Sen. Sheheen in Rock Hill: SC is ‘laughingstock’ of TV

adouglas@heraldonline.comMarch 11, 2013 

— South Carolina Democratic Sen. Vincent Sheheen stopped in Rock Hill Monday afternoon to kick off his around-the-state book tour — a move he says isn’t an indication that he’ll run for governor again.

The 41-year-old Camden politician recently self-published “The Right Way: Getting the Palmetto State Back on Track.”

In 2010, Sheheen lost to then-Rep. Nikki Haley in the S.C. governor’s race. Haley captured about 51 percent of the vote.

His new book, which is free online and at stops on his book tour, isn’t campaign material and goes beyond party politics, Sheheen said.

“I don’t know what the future holds,” he said, in reference to whether he’ll challenge Haley in 2014.

“I call this a platform for policy and a revolt against the status quo and it very much is.”

In his book, Sheheen advocates for supporting public education in S.C. — not “attacking” schools and colleges by slashing funding, he said.

Colleges need to keep tuition prices low, he writes, and the state government needs to help ensure affordability.

“Our leaders are pricing the middle class out of a college education,” he writes. “The alternative has become hundreds of thousands of dollars of debt incurred by our future workforce. This is a dumb policy.”

Sheheen’s book also suggests ways to correct crumbling infrastructure in the state.

“The truth is we have a terribly-damaged system of roads in South Carolina. And there aren’t many ideas put forth by our leaders to fix it,” he said.

Sheheen also takes on S.C.’s tax system and economic development plans in his book.

“If your only strategy for job creation is recruitment, you’re not going to get very far,” he said. “We’ve got to grow jobs from within, as well as recruit from the outside.”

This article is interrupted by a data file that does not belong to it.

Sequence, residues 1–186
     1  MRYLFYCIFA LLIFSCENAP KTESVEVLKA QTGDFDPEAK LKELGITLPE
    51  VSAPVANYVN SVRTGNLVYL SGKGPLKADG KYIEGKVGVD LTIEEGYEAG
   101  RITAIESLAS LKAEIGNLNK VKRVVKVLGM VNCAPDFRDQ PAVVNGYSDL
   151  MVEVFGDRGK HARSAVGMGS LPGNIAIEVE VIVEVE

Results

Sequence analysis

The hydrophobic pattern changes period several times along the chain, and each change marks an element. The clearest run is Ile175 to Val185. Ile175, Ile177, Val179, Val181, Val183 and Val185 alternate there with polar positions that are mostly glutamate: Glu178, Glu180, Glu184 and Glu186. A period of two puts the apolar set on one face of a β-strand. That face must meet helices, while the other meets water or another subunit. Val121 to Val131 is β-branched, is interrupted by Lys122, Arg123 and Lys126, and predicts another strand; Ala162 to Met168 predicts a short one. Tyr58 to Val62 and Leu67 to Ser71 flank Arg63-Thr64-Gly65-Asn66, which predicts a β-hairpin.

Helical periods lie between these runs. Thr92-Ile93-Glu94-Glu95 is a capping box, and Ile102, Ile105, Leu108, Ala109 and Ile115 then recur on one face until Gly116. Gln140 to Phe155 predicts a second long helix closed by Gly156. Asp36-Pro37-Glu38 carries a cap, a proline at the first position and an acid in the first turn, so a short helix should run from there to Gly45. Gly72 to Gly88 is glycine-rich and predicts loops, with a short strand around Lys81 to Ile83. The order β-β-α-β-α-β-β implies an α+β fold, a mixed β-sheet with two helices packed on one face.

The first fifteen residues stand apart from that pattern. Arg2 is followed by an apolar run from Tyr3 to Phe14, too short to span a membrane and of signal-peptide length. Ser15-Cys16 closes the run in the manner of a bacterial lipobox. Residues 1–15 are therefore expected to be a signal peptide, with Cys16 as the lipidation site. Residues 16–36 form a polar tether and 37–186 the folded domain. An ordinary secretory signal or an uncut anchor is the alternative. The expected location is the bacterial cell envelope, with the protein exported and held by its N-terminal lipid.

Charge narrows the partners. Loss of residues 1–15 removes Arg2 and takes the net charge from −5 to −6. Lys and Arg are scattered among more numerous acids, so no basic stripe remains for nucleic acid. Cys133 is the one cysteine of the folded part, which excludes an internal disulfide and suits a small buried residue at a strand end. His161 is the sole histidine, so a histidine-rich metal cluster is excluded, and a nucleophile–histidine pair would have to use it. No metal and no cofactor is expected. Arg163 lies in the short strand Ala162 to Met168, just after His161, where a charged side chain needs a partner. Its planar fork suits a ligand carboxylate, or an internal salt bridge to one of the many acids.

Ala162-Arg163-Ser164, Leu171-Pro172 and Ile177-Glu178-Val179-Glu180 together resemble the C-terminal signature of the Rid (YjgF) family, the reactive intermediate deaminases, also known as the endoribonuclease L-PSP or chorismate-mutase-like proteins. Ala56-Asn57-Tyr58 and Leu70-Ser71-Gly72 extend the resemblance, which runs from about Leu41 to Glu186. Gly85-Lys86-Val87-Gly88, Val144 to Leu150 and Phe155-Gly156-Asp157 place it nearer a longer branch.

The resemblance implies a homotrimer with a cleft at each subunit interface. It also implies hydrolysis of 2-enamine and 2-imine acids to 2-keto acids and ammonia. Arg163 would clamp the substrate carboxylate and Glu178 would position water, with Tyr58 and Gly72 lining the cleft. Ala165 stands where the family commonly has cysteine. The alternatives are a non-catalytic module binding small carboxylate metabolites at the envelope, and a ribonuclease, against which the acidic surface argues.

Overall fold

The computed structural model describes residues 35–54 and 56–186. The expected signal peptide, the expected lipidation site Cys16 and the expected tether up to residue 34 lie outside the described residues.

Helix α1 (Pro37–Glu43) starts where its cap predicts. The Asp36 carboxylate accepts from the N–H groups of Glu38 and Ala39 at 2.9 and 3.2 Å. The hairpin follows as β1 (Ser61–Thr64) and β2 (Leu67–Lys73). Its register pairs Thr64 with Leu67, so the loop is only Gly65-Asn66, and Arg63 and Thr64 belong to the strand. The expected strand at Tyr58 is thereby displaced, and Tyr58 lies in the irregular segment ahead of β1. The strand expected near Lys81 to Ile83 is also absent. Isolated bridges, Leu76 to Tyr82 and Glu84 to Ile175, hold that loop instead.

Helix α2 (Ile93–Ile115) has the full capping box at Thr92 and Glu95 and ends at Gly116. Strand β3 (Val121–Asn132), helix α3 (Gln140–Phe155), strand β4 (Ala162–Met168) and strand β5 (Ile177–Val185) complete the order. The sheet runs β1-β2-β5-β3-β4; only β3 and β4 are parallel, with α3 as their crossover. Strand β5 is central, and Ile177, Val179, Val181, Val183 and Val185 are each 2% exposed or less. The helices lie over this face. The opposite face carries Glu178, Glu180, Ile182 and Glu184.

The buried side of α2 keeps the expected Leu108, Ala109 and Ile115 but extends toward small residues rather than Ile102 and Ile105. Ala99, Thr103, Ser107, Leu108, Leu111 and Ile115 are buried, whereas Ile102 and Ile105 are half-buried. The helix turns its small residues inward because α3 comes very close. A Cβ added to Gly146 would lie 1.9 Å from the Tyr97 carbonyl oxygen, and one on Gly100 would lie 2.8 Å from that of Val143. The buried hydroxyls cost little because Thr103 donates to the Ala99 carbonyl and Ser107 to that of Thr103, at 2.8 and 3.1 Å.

Policy ideas in his book are “common sense” approaches, he said.

An “absence of leadership” in the state for the past decade has put S.C. off track and kept good policy from implementation, Sheheen said.

“It’s not whether you have more government, it’s whether or not you have effective government — that’s really what we need,” he said.

Over the past 10 years, he said, the state’s been plagued by “embarrassing incidents” and recently become the “laughingstock of late-night television.”

“We have a treasurer that went to jail for drug dealing, an agricultural secretary who went to jail for bribery, we’ve had governors under clouds of ethics violations — you can’t be successful as a state if you don’t have leaders who are responsible in moving you forward,” he said.

“I talk in the book about effective leaders we’ve seen in the past--both Republicans and Democrats--and how they moved the state forward, back in the 70s and the 80s.”

Over the next three weeks, Sheheen will take his book tour to many S.C. cities, including Myrtle Beach, Columbia, Aiken, Greenville and Spartanburg.

“This book is specifically written not about Vincent Sheheen,” he said. “It’s about the state and what we can do.”

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Anna Douglas •  803-329-4068

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